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Blues legend, James "Boo Boo" Davis.

There’s something about the B’s.

B.B. King

Big Bill Broozy

Big Boy Crudup

Barkin’ Bill Smith

Baby Tate

If you aspire to be a blues legend, it helps to have a nickname that begins with the letter B. Consider one James “Boo Boo” Davis.

He was born James Davis, but that name didn’t last long. “I’ve been ‘Boo Boo’ as long as I’ve been in this world,” Davis told me earlier this week. “I got my name from my father; he gave me that name. I had three uncles – one was named James, one was named Boo-Jack and one was named Davis, so I became James ‘Boo Boo’ Davis.”

Davis is a blues survivor, pioneer and indeed a legend. He will also be the headliner on Sunday, May 19 at KDHXFest. If you want to hear raw, intense, blues from a master of the genre — and other local musicians — head down to Washington Avenue and North Grand Boulevard from 1 pm to 7 pm.

The festival will include food trucks and Craft Alliance activities. There’s even a parade planned, led by our city’s homage to New Orleans’ second line, the Saint Boogie Brass Band. Music is the centerpiece of KDHXFest at two stages, and you’ll definitely want to stick around until the 5:45 pm set by the one and only Boo Boo Davis.

Davis is an old-school blues master. He belongs to the last generation of musicians who experienced an often hard life in the Mississippi Delta. Actually, he was born in the heart of the Delta, in Drew, Mississippi. But home for Davis is now East St. Louis, which has known its share of hard times, too.

In preparation for KDHXFest 2019, Davis spoke with us about his roots, how he got into music and how he found his way to St. Louis:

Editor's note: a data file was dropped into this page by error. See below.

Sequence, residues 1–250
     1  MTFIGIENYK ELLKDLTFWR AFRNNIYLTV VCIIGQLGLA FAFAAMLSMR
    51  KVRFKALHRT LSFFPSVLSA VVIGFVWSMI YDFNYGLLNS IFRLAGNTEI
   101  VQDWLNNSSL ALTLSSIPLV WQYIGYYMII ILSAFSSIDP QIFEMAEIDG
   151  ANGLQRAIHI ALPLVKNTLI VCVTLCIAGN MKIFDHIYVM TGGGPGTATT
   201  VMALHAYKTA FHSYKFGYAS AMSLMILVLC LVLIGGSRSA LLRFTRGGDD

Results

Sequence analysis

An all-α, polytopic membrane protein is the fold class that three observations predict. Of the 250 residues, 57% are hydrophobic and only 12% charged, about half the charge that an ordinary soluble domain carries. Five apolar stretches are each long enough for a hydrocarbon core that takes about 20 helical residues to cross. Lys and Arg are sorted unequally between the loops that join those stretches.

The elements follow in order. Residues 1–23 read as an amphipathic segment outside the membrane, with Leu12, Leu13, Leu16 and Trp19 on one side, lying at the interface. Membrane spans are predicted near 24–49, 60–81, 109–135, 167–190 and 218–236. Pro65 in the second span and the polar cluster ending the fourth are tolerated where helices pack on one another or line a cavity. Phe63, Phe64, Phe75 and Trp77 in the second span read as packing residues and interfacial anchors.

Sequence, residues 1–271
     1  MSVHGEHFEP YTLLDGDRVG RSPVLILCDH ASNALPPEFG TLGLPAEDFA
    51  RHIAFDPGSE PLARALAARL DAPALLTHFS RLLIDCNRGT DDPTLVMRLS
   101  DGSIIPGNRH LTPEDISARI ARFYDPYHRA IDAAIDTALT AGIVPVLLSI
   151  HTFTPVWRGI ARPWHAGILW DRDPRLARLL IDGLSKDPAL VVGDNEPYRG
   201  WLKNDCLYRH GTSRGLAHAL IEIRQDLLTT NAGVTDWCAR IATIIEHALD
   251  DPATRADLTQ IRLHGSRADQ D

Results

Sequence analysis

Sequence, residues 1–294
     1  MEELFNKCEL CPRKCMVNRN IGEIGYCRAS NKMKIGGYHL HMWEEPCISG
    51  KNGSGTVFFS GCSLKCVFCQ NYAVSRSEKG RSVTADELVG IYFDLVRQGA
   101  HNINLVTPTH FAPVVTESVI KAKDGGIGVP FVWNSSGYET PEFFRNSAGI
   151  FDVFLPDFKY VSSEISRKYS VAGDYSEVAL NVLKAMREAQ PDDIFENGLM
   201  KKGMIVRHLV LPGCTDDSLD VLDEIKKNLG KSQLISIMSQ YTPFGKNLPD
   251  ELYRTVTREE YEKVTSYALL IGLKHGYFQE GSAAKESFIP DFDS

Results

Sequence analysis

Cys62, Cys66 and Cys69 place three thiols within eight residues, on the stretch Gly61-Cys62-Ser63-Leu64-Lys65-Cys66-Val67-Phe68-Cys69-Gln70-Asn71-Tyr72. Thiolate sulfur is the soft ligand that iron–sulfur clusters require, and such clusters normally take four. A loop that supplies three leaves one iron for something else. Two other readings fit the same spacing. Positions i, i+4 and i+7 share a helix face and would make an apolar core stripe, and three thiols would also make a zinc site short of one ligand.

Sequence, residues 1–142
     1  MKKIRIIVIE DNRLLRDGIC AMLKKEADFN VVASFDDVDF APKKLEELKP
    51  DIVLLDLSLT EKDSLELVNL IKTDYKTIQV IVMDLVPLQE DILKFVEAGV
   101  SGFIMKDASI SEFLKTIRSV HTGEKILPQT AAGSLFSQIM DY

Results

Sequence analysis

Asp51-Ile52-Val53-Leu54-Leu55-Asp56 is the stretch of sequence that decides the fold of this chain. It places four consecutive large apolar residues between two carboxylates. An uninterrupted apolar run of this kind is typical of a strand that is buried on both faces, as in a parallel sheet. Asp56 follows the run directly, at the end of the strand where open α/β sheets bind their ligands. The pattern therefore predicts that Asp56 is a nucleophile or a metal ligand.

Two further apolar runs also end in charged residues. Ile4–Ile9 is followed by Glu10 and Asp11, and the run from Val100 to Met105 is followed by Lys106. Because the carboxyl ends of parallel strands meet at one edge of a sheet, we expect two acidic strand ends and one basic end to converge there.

In the beginning – “My father was a musician, and my mother was a Christian. She went to church; that’s where I started, singing gospel. I started out with spirituals. Well see, another thing is, music is in my blood, because my father was a musician. My mother and my brother and sister were all musicians, too.”

A true song-and-dance (and drumming) man – My father wasn’t nothing but a blues man. He played it around the house, too, way before my time. He tap danced – chicka chicka chicka – I used to dance good when I was a young man. I used to dance with a guitar; I did it all. I played the drums, too.”

The St. Louis blues scene – “I played blues all up and down Illinois before I came here. My older brother brought me to St. Louis; I didn’t have no problem getting started here. I sang with Doc Terry and Elmore James and all those guys. When I got up here, Doc Terry heard about me and I started with him and his band.”

His mother’s influence – “My mother had a wonderful time with Jesus and the church and I did, too. He gave me a gift, so I always thank the Lord for that gift. My mother, when she was laying on her dying bed, her friends from church were all there — these old ladies — and she saw me and said, ‘There’s my baby, he sings my songs,’ and I never forgot that.”

How you really know the blues – “I was always just doin’ my thing my way. I wasn’t doin’ it the same old way. You can only do the blues one way, and that’s from the soul. A lot of people say, ‘Oh, he can play the blues,’ but you don’t really don’t know what the blues is all about if you ain’t had no hard times.”

His audience – “A lot of old school people come out who’ve heard me singin’ for a long time. I’ve always been an entertainer. That’s what I’ve been doing all my life. And I’m still at it. I’m goin’ on 77 years young.”

What he knows – “Just the blues — that’s my life, that’s all I know how to do. I do it all, but the blues, that’s my life.”